How did you come to Bali?
I came to Bali totally by coincidence. I had never thought I’d come here until I went on a cruise to some islands around St. Petersburg and met an Indonesian woman, Kora Amalwati.
Kora had a well-known marketing solutions agency in Sanur, Bali. I was already working in a good position with an agency in St. Petersburg. When she offered me a job, I had never heard or known anything about Bali. This was 2008, the year of the world economic crises. It affected the business I worked in so after some time I called her. She asked me to come as soon as possible to join the current project her firm was working on. Two days later I was in Bali.
I worked for Kora’s firm for one year, then I returned to Russia and Kazakhstan. I was back here in just six months. I knew that Bali was the place where I wanted to be and marketing Indonesian art was what I truly wanted to do. I returned and have been living here ever since.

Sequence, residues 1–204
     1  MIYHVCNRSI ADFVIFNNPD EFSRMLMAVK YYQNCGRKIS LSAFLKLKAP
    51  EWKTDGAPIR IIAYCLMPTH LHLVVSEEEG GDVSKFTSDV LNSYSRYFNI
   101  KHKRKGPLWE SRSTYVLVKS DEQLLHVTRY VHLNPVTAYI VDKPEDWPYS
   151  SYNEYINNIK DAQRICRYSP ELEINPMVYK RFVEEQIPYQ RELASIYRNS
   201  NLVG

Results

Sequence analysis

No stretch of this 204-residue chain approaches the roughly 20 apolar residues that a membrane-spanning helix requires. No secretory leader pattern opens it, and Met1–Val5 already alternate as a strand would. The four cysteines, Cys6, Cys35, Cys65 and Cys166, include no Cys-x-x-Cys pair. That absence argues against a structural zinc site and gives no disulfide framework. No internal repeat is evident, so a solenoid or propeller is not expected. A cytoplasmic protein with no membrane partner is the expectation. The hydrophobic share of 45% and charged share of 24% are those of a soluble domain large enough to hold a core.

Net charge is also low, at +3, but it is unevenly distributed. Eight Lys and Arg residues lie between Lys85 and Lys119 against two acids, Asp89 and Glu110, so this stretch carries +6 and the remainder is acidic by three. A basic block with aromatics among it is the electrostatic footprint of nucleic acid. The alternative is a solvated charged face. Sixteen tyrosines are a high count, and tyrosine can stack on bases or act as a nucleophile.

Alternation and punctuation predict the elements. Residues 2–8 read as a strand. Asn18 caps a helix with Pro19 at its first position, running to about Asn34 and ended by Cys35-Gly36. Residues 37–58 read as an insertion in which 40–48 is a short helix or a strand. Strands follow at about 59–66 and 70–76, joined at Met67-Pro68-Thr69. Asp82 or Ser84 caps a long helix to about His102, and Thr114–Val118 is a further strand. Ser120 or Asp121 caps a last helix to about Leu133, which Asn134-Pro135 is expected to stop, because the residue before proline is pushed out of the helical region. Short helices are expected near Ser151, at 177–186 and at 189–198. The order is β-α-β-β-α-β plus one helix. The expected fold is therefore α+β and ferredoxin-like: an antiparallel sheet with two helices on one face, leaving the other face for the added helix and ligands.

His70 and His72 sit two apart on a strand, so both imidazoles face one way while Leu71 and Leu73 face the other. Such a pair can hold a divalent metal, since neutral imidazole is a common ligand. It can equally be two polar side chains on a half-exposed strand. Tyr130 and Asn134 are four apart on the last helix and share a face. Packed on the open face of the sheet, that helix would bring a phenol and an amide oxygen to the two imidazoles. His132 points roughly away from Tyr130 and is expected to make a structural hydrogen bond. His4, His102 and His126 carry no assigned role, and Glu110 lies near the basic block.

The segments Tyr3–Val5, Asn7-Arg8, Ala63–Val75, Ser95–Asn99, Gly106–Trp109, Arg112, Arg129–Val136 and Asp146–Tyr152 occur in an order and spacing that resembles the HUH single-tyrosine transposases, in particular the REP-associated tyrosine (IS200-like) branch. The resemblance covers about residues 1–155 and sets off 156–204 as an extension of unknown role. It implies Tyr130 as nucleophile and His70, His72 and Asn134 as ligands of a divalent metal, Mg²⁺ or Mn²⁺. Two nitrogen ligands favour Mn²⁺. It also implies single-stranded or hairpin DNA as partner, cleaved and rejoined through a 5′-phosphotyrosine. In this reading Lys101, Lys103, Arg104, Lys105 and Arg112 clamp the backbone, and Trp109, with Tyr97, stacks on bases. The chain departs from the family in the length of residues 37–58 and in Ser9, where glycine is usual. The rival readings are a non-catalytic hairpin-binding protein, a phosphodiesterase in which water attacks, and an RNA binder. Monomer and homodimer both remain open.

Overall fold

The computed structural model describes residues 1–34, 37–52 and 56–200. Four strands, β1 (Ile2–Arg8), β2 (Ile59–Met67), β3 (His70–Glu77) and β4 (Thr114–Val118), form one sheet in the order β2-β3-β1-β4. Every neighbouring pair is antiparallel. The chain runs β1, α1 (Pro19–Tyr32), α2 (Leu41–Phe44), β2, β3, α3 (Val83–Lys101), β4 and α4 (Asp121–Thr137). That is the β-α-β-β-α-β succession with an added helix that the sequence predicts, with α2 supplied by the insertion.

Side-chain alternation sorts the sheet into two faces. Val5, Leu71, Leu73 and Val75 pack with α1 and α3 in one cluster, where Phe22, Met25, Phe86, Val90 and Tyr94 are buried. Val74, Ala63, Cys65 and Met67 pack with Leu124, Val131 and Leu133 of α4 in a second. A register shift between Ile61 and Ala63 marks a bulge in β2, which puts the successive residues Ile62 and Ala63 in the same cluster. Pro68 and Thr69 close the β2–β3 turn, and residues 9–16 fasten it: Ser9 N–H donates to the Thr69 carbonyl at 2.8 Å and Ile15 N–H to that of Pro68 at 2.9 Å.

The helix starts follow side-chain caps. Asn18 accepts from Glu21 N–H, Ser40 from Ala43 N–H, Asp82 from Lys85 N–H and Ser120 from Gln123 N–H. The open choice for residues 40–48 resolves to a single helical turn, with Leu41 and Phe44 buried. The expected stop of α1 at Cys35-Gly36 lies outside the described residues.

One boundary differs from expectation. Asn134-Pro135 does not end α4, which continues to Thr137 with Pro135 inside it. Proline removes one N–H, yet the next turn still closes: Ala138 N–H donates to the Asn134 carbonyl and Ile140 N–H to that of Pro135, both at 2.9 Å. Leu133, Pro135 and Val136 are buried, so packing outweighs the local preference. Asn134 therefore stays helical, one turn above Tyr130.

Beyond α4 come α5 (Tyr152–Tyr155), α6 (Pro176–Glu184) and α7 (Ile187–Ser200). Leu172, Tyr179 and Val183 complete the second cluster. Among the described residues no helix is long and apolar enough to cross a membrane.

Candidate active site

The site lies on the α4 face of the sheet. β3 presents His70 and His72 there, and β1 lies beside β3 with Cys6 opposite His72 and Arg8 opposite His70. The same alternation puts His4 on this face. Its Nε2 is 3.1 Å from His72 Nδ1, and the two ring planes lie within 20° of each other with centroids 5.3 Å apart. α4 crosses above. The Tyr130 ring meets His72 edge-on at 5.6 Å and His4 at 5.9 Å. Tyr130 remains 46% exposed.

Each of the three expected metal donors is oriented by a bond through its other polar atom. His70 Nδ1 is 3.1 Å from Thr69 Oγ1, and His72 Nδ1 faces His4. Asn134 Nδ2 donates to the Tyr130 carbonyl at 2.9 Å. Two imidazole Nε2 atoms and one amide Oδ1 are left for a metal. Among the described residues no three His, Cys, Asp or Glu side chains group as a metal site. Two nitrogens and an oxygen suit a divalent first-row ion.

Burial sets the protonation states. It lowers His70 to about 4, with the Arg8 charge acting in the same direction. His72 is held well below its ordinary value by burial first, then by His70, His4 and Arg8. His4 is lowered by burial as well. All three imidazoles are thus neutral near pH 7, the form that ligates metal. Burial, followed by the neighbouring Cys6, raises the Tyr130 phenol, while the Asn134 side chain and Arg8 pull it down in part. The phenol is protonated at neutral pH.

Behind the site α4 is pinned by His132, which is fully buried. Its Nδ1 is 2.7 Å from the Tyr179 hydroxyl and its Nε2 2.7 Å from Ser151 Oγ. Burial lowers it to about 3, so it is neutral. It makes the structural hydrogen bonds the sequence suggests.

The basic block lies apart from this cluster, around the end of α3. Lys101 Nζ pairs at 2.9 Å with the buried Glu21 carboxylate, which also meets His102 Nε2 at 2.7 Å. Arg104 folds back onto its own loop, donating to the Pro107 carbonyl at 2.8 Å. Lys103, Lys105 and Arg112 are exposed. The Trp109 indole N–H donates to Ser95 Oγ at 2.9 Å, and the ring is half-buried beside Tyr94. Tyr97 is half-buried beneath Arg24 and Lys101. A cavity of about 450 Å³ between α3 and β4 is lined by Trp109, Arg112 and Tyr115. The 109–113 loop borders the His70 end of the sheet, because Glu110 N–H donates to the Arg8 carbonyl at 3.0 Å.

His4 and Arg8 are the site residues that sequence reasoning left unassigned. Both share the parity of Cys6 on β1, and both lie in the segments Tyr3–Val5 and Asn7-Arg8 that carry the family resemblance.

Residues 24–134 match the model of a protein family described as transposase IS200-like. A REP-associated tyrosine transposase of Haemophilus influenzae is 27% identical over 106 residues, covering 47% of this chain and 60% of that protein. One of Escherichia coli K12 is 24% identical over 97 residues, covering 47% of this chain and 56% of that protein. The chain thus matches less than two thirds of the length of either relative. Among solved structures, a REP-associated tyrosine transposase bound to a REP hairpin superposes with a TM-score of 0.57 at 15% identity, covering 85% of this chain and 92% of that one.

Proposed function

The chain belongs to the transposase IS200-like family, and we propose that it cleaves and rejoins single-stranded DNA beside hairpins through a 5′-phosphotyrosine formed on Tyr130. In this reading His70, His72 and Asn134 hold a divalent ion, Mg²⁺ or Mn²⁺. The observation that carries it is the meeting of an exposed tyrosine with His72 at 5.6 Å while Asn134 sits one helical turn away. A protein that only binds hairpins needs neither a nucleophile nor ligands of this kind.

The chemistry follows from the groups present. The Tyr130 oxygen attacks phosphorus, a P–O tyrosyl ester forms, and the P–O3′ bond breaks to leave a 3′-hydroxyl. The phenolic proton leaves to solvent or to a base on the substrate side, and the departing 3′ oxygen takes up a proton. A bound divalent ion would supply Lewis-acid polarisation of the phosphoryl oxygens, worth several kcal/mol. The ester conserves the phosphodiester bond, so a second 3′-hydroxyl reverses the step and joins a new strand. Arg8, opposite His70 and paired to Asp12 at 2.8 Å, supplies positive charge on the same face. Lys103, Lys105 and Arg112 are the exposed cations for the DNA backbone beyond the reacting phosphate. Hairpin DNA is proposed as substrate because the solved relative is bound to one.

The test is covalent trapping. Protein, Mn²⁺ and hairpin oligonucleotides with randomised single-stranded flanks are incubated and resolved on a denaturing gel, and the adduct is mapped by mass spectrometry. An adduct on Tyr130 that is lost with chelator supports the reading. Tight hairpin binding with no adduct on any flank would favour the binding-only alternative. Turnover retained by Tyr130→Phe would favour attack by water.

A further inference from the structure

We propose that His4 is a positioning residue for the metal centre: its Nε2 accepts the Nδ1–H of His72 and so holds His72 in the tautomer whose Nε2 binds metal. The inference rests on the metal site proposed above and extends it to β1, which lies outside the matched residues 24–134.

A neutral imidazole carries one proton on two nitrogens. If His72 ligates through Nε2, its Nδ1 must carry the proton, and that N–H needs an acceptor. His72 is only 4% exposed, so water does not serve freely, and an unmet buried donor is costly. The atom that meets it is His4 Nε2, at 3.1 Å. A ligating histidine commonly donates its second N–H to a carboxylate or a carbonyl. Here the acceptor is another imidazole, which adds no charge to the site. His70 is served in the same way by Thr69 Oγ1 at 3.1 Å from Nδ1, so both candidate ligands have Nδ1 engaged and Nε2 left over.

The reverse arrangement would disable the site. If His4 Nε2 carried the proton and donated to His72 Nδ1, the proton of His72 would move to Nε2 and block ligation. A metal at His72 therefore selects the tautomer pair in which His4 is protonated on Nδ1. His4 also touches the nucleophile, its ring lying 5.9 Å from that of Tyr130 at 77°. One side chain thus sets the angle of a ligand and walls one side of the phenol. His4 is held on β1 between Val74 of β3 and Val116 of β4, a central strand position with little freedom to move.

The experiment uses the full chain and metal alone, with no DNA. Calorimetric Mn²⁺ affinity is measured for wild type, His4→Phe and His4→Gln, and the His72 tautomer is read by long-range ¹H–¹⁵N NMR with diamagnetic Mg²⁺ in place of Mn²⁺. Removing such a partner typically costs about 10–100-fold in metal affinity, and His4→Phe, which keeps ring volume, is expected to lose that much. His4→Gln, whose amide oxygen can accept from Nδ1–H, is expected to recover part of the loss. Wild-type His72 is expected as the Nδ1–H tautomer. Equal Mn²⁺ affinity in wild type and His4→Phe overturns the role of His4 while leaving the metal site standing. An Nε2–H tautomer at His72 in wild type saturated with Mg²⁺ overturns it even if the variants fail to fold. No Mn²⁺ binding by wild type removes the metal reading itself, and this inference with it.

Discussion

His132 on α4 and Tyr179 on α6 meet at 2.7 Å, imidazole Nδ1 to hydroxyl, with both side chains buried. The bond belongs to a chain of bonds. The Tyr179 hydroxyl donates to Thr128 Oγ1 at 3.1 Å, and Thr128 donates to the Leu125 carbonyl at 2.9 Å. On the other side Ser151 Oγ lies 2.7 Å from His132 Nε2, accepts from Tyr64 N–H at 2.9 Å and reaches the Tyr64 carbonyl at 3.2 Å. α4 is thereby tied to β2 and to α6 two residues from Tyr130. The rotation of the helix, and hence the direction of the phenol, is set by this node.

How did Bali change your life?
Bali is amazing. It is full of all the things I love – art, culture, strong spiritual traditions and a growing contemporary awareness, including the arts. Bali really changed my life. I went through deep transformations here. I have learned to cherish what is truly valuable in life. I have become a husband and a father – and love being both.
Art has always been my passion. Art is such an important part of the Balinese way of life. They have great respect for art and artists, which is hard to find elsewhere. It is a part of their lives. All the traditional arts are intertwined around their rich belief system. Just making the simple offerings is an art.